These are challenging times, right across the globe. A suicide help-line in southern California reports that in March it had 21 phone calls, while in April, after a few weeks of lockdown, it had 1,800.
Even without a pandemic, our trauma counsellors in northern Uganda cope with difficult circumstances in the aftermath of a devastating civil war. Now, they have shifting their work from group counselling sessions or face-to-face talk therapy with individuals to telephone consultations. The everyday stresses are heightened by the current situation, making it even more important that we are there for people tackling trauma.
Network for Africa’s chief executive, Annabel Harris, recently interviewed Sarah, one of the local counsellors we trained.
Why do you do this work?
I love talking to people and helping them find solutions to their problems.
What is your best memory?
Before the lockdown began, a Village Health Team worker took me to the home of a 23-year-old man who was suffering from psychosis. His grandmother mocked him for his disability, and she also mocked my efforts to help him. I asked around to try to find a member of his family who might make sure he took medication regularly. I tried to convince them that the young man could get well if someone would help him and support him. Eventually, an uncle offered to help. Within two weeks the uncle noticed a big improvement in the young man’s behaviour. He also helps his grandmother by fetching water, and assisting with the cooking. The grandmother’s attitude has changed. She’s so thankful, and she told me she had no idea what a difference counselling and mental health support could make.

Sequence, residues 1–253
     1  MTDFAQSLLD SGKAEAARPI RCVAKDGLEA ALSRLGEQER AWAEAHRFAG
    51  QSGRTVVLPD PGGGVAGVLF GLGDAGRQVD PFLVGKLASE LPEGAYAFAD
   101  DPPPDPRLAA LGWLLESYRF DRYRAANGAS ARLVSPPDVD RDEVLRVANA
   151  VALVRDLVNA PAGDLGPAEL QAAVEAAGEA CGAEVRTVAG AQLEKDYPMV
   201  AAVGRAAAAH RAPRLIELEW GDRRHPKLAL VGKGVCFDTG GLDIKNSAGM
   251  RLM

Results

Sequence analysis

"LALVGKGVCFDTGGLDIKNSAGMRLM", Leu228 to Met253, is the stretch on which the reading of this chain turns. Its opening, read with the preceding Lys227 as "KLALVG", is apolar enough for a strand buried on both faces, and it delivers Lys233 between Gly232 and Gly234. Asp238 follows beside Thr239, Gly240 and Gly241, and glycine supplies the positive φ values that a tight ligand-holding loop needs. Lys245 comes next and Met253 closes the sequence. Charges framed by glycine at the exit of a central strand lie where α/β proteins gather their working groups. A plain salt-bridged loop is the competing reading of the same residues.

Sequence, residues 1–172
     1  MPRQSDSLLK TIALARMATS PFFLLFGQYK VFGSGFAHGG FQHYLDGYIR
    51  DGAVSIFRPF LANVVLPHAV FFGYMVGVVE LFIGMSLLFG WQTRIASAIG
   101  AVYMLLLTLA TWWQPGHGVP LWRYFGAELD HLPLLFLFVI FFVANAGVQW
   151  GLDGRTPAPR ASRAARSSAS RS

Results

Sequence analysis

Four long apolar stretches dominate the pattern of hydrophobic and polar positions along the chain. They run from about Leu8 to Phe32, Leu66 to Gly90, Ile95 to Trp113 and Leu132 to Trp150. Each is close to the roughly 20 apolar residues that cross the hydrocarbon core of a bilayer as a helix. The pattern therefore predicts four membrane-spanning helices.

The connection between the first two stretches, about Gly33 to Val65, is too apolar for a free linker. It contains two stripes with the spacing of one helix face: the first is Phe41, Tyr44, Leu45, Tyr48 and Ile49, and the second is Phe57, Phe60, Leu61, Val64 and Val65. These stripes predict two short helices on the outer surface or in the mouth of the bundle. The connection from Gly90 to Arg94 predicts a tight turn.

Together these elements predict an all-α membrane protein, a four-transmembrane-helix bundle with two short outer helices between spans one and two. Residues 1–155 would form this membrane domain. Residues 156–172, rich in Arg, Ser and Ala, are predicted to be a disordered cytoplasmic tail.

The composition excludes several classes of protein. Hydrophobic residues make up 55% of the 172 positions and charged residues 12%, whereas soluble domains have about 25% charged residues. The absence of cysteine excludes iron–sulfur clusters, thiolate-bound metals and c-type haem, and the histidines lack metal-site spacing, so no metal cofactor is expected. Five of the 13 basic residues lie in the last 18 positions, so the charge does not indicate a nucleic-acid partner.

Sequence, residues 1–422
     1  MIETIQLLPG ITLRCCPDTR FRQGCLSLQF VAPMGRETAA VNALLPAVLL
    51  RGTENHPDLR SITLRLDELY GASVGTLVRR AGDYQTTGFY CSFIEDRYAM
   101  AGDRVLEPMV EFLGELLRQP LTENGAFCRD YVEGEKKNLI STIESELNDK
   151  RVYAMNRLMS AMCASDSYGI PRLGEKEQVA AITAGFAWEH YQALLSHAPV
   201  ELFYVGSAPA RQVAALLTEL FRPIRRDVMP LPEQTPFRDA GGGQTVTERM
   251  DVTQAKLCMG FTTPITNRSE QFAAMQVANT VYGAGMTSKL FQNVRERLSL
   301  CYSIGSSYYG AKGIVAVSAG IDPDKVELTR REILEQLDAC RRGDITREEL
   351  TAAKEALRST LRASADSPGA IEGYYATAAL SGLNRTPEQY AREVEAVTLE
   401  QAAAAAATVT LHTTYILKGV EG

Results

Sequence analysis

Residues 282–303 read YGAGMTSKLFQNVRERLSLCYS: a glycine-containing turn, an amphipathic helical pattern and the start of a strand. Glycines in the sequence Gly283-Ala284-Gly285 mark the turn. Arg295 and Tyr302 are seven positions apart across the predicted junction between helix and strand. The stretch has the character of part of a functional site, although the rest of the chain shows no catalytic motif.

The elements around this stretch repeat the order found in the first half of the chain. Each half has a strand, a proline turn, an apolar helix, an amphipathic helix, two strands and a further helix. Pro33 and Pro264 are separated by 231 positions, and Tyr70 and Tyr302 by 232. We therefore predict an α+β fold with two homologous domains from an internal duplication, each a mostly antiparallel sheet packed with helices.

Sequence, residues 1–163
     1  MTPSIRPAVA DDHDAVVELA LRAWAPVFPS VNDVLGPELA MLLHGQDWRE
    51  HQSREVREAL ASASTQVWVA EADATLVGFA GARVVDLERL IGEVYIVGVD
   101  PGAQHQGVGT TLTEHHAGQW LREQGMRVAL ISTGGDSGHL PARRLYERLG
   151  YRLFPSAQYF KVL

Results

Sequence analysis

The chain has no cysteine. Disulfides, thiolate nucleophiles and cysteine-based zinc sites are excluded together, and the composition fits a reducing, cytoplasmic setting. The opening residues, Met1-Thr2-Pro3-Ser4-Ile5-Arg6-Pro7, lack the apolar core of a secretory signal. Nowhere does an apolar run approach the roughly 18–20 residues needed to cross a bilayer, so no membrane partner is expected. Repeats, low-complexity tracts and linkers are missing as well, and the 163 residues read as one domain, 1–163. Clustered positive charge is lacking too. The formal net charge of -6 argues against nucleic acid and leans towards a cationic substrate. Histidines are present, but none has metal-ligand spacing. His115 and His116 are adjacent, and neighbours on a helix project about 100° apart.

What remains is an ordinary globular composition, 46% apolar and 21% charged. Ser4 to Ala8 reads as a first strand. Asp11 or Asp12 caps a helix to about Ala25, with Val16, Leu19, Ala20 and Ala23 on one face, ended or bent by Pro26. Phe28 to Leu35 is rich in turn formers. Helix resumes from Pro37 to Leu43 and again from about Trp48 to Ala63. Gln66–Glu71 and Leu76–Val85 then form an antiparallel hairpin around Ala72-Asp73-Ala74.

What is your worst memory?
It’s hard when you approach a family, offering to help them, but they aren’t interested. Or they are so afraid of mental illness or epilepsy that they try to hide away the family member who is suffering. In northern Uganda, we don’t have the resources to remove people from homes like these. We just try to educate the relatives, convincing them that epilepsy is not a curse from the spirit world, and that with proper medication we can control seizures. We also try to make the community aware, so people let us know when someone is suffering from being with a neglectful family. That’s why our work with village elders and clan leaders has been so important. They know what’s happening in their area, and they can raise the alarm. Then we can get involved and make a difference. We can demonstrate that there is hope and there are options. That’s why I love doing this job.
Please help us to support our counsellors, like Sarah, who work hard to provide much needed counselling to the large numbers of people taking part in our mental health programmes. Thank you.Help Support Our Counselling Programmes